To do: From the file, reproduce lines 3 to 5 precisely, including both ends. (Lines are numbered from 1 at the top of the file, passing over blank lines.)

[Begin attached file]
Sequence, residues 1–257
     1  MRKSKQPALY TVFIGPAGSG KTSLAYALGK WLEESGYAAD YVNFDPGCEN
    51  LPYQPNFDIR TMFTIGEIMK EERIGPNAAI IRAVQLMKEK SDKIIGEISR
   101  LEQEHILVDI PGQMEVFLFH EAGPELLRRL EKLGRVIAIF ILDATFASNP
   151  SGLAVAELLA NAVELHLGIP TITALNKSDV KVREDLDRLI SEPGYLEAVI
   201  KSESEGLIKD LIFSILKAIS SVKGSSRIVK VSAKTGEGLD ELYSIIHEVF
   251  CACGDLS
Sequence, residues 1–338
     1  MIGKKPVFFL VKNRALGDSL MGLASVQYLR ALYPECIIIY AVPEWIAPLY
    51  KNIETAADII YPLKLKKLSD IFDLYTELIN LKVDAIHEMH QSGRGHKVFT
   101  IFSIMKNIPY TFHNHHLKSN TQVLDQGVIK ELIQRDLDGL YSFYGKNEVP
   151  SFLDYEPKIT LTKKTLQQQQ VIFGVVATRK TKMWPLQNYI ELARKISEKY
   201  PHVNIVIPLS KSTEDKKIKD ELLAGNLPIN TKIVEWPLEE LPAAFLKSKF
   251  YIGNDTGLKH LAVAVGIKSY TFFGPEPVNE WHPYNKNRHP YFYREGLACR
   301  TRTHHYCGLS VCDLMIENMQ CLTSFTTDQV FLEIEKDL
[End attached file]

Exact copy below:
    51  LPYQPNFDIR TMFTIGEIMK EERIGPNAAI IRAVQLMKEK SDKIIGEISR
   101  LEQEHILVDI PGQMEVFLFH EAGPELLRRL EKLGRVIAIF ILDATFASNP
   151  SGLAVAELLA NAVELHLGIP TITALNKSDV KVREDLDRLI SEPGYLEAVI